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One story is told of Herb Lee sending a case of fruit to a customer down the line, who replied and said the fruit was no good and refused to pay. Herb wrote demanding payment and eventually the client sent along a cheque but pointed out that payment was being made under protest. Herb replied stating that the protest had been dismissed.

One day in the cafe one of the town toughs, a man about 16 stone (Herb by the way would not pull any more than about 8½ stone), treated himself and a mate of no better calibre to a ding dong three course meal; when finished he said. "Oh I say Herb, these are mine." Herb flew off the handle. "Mate," he said, "there are sixteen other cafes in the town, why flaming well pick on me. Oh, if only I could be Primo Carnero for just 10 minutes."

Although he left the town many years ago, he always held a great interest in the old Towers and only last year he made a donation of £50 to the City Council to be used in a street beautification scheme.

Two Old Veterans-Mr. and Mrs.  Charlie Archer, Senior

What a grand old couple, past the eighty years. mark and still hale and hearty. It may not be good taste to tell a lady's age, but I know Charlie won't mind me letting you in on a secret, he was 82 years of age in October, 1949.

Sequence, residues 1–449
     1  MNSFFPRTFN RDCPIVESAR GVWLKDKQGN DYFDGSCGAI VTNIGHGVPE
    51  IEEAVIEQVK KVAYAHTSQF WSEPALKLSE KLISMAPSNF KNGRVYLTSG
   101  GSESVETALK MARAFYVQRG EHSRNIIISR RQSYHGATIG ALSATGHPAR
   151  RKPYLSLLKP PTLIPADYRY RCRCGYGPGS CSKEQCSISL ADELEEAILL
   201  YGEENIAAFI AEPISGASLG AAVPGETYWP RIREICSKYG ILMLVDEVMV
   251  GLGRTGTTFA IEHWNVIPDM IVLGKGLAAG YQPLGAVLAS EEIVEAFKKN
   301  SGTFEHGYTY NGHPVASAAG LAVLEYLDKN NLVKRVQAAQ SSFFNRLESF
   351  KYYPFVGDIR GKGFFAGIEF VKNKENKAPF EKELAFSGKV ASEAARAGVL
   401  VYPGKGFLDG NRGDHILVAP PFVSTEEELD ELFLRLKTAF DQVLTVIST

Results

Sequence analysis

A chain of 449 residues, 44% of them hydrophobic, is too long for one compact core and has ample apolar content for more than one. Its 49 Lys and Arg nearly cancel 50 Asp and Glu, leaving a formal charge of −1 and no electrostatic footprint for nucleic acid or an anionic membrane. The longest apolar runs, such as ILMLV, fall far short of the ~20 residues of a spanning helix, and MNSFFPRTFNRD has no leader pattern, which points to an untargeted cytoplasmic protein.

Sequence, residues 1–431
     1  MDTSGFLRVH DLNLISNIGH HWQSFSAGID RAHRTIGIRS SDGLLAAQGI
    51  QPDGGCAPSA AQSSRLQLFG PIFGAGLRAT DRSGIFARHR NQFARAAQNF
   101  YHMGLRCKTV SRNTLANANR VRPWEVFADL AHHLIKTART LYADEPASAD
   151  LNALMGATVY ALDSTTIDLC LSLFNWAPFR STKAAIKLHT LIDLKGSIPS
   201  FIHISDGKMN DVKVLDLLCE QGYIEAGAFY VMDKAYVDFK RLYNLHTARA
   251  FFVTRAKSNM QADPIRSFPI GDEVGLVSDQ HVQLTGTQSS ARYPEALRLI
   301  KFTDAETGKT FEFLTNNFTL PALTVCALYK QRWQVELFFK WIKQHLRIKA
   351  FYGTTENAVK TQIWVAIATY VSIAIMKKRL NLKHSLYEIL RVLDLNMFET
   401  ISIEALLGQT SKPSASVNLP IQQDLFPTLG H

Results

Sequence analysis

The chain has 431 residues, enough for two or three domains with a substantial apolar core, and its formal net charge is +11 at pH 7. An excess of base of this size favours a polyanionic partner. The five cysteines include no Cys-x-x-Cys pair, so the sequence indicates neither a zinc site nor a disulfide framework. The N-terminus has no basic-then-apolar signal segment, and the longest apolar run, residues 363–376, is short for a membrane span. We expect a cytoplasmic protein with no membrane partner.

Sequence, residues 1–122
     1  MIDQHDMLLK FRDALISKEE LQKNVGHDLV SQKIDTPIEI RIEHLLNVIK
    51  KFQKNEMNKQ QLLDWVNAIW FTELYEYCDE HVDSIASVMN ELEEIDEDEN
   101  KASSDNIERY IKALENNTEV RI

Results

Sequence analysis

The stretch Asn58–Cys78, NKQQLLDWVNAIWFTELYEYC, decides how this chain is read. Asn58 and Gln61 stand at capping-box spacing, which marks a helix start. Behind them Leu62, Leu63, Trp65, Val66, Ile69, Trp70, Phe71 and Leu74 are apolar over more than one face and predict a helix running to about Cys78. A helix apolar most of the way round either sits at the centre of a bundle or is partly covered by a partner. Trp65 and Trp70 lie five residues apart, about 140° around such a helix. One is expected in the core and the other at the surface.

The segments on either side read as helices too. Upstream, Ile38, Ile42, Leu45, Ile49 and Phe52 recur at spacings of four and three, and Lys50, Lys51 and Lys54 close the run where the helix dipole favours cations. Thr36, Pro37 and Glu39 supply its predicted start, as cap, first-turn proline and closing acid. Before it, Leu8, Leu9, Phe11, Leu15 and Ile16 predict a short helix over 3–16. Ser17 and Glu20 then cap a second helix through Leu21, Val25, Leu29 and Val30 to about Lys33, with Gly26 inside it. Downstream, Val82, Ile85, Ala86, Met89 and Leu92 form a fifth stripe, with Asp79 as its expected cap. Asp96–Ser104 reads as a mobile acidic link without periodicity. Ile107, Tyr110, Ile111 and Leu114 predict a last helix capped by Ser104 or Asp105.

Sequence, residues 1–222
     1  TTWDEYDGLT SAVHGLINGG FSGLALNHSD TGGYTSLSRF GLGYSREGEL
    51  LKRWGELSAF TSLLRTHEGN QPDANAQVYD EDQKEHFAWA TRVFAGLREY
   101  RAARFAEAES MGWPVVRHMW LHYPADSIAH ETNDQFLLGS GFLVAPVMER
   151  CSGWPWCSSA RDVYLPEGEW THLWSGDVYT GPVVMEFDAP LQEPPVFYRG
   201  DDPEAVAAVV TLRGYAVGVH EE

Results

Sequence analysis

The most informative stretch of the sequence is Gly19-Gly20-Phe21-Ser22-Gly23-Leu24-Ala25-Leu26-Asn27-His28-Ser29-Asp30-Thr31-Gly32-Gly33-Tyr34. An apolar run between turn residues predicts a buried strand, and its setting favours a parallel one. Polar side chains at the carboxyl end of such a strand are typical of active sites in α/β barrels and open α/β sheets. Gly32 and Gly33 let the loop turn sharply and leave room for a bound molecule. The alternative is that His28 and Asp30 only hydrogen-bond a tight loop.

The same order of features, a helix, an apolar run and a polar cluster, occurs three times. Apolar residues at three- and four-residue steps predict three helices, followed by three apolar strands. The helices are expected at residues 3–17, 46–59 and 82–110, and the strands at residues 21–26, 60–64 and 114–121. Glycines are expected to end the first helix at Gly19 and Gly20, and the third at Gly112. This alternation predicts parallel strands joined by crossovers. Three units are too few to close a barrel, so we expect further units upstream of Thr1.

A sportsman of the highest ranking, a hard working man in his earlier years and at the age of 70 years could cut his two cord of wood a day along with the rest of them.
As a gunman he has had no equal; at the present time Old Charlie still takes an active part in the local Clay Pigeon Club's programmes and still scores his possible occasionally.

The holder of at least two championships in the early days and the winner of challenge and other events far too numerous to relate. It was at a picnic day at the Black Jack School when another champion shot, Jack McLean, challenged Charlie Archer to a ten-bird live shot for a wager of £100 a side. A deposit of £10 was paid down on the spot and the Headmaster of the school at that time held the stakes. The shoot was conducted at a spot very close to the old Peace's slaughter yards, just outside the town boundary. Charlie, like the champion he was, shot a possible ten birds, but McLean shot poorly to kill only four or five birds.
Charlie Archer
A holder of many pigeon shooting titles and championships, Mr. Louk Hughes, of Sydney, spoke in very high terms about Charlie's ability with the gun after an outing when Charlie was in rare form. Louk Hughes stated that he had come to Charters Towers to reecive a lesson in duck shooting. Amongst the other fine gunmen of the day names like Albert de Castres and Bricky Henry stand out and much spirited wagering took place at some of these early day shoots.

A funny incident which happened at the Powlathanga Lakes caused Charlie Archer's son "Bill," to write the following poem.

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